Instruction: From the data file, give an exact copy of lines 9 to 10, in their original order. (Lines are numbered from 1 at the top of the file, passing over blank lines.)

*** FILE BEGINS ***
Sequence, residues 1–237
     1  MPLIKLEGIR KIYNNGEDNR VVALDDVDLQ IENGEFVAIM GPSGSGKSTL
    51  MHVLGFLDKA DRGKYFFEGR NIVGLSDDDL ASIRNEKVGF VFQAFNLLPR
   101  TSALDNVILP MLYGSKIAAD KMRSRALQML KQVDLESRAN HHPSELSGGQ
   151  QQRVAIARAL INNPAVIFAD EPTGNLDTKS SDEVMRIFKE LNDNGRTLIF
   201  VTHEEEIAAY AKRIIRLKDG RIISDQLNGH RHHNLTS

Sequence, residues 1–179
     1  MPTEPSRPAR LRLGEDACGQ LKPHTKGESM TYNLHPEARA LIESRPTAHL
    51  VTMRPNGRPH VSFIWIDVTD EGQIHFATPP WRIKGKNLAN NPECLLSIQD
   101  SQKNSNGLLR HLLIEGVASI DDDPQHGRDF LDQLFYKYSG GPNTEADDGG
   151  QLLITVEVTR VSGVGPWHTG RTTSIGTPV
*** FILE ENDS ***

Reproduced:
    51  VTMRPNGRPH VSFIWIDVTD EGQIHFATPP WRIKGKNLAN NPECLLSIQD
   101  SQKNSNGLLR HLLIEGVASI DDDPQHGRDF LDQLFYKYSG GPNTEADDGG